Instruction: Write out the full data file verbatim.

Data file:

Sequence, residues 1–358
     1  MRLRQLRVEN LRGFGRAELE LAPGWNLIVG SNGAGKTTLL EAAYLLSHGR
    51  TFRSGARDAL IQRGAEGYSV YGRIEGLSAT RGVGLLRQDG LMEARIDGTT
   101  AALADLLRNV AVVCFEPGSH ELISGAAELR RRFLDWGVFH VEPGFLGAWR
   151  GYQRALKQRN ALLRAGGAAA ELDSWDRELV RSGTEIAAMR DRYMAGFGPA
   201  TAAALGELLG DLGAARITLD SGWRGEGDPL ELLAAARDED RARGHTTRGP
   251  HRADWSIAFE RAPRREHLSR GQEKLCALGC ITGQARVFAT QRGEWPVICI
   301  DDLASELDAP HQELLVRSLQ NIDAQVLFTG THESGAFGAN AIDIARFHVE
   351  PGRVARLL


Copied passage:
Sequence, residues 1–358
     1  MRLRQLRVEN LRGFGRAELE LAPGWNLIVG SNGAGKTTLL EAAYLLSHGR
    51  TFRSGARDAL IQRGAEGYSV YGRIEGLSAT RGVGLLRQDG LMEARIDGTT
   101  AALADLLRNV AVVCFEPGSH ELISGAAELR RRFLDWGVFH VEPGFLGAWR
   151  GYQRALKQRN ALLRAGGAAA ELDSWDRELV RSGTEIAAMR DRYMAGFGPA
   201  TAAALGELLG DLGAARITLD SGWRGEGDPL ELLAAARDED RARGHTTRGP
   251  HRADWSIAFE RAPRREHLSR GQEKLCALGC ITGQARVFAT QRGEWPVICI
   301  DDLASELDAP HQELLVRSLQ NIDAQVLFTG THESGAFGAN AIDIARFHVE
   351  PGRVARLL